Each of these 290 disappointees may still be a future employee or customer of ABC Inc. and they will take this first impression with them wherever they end up. Employers should be mindful of the fact that people can handle a yes or a no, but won’t put up with zero communication — it is just not good marketing.
Organizations need to realize that employees, clients, customers and guests talk to their family, friends and neighbours. “How are things at work?” is a common topic at every family dinner, neighbourhood barbecue, birthday party and chance meeting at your favourite grocery or auto parts store. So is every negative customer service experience, which people share with their personal network over and over.
If ABC Inc. states on its website that new ideas are welcomed, its customers are its business partners and it wants to help employees reach their full potential, it needs to back this up with action. If a customer comes up with a better or faster way to deliver products and the company doesn’t even acknowledge this idea, the customer may go somewhere else. If new employees want to sign up for courses that are relevant for their jobs and ABC Inc. brushes them off as too expensive, the employees will realize they won’t be reaching their full potential with that employer. People want to see congruence between values stated and values lived.
Every company wants happy employees, a good work environment and a positive culture. To achieve this, values need to be lived. Policies need to be enforced consistently and management needs to avoid condoning.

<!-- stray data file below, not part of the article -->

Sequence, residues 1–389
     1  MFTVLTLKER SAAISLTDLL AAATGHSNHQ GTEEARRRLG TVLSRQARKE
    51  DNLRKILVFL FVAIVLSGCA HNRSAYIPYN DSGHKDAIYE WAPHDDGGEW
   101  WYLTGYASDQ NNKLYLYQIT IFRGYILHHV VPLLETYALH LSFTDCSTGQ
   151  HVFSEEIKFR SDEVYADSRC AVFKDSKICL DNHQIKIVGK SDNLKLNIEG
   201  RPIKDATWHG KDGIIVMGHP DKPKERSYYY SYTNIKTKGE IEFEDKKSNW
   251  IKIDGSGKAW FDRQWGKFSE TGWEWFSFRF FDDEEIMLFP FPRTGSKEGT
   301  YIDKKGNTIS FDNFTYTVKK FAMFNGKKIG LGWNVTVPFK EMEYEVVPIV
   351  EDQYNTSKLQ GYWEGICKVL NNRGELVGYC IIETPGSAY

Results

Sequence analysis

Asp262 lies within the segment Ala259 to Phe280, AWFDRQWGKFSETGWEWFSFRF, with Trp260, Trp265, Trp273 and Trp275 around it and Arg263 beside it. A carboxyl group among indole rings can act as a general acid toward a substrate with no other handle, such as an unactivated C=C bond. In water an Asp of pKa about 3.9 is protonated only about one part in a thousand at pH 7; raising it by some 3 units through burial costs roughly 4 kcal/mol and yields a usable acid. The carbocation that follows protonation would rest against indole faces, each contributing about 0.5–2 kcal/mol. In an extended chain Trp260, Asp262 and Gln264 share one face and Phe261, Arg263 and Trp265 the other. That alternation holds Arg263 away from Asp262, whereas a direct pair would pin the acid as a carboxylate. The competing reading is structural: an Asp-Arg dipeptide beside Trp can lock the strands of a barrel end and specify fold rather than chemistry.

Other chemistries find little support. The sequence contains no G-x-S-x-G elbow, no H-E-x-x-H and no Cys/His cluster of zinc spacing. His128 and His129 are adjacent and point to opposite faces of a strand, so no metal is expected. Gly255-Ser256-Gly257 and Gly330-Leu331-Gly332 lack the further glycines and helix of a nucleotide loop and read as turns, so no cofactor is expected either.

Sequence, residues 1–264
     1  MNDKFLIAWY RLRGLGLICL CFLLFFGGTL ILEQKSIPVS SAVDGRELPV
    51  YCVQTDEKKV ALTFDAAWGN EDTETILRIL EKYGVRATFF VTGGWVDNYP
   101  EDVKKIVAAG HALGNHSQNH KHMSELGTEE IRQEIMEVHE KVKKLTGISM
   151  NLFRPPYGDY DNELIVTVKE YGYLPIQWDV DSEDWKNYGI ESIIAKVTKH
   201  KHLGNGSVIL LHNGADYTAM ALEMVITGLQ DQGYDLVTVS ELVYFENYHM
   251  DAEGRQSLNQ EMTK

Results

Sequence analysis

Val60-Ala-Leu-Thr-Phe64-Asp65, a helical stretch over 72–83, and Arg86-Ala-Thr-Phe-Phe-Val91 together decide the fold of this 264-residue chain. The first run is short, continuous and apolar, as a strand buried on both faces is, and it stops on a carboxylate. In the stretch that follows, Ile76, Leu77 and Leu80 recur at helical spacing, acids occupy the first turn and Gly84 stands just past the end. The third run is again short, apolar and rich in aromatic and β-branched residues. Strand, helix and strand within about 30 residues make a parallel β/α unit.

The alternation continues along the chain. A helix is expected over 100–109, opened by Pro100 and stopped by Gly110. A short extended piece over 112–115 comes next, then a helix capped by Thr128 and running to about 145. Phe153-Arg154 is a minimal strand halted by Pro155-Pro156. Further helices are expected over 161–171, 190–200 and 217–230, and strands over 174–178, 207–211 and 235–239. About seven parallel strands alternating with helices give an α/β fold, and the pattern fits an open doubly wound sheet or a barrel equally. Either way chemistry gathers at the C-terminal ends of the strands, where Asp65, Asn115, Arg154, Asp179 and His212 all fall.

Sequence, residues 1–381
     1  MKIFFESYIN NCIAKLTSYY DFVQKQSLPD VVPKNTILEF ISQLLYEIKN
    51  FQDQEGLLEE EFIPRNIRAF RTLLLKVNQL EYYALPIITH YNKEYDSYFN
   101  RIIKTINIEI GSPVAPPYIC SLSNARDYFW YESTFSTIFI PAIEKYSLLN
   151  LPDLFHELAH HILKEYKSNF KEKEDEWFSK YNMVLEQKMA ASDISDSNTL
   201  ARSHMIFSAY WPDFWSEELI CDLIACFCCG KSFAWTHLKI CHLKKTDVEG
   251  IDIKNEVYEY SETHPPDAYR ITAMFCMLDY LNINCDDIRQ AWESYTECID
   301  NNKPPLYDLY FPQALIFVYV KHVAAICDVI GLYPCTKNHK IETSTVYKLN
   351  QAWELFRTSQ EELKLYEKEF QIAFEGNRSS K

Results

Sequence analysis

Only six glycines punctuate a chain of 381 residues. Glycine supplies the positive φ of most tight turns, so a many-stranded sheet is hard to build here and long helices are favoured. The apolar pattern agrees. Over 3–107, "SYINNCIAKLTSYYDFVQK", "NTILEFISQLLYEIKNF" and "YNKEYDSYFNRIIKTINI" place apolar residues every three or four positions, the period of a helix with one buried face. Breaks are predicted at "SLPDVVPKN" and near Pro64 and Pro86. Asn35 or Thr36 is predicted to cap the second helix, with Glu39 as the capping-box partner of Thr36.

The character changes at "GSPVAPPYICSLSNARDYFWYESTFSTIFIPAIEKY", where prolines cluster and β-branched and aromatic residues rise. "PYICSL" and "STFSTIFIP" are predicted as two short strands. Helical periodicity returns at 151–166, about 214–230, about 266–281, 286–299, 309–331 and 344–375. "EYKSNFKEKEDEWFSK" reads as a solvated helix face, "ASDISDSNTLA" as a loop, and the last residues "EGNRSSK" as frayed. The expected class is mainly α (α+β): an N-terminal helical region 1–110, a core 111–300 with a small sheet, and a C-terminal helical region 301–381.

When a company’s policies on product quality, customer service, employee performance and hiring standards are routinely breached, it may as well not have these policies at all. If employees engage in bad behaviour and others see them doing so with impunity, everyone in the company knows the behaviour is being tolerated.
When employees are not doing their jobs and play the system, and management does nothing to stop this behaviour, it will likely be repeated. Meanwhile, the people who do take pride in their work feel punished as they have to pick up the slack.
Where actual behaviours diverge from stated values or policies, employee morale erodes. It’s like a cancer that spreads until the entire organization is rotten. This is usually the stage where management starts wondering what happened to their once-great momentum.
Mission statements and values cannot just be a bunch of words. The key is that before you post your mission, vision, values and policies, you need to actively work on matching behaviours.
Evert Akkerman is a Newmarket, Ont.-based HR professional who has worked extensively in the private and non-profit sectors and founder of XNL HR. He can be reached at firstname.lastname@example.org or http://ca.linkedin.com/in/evertakkerman.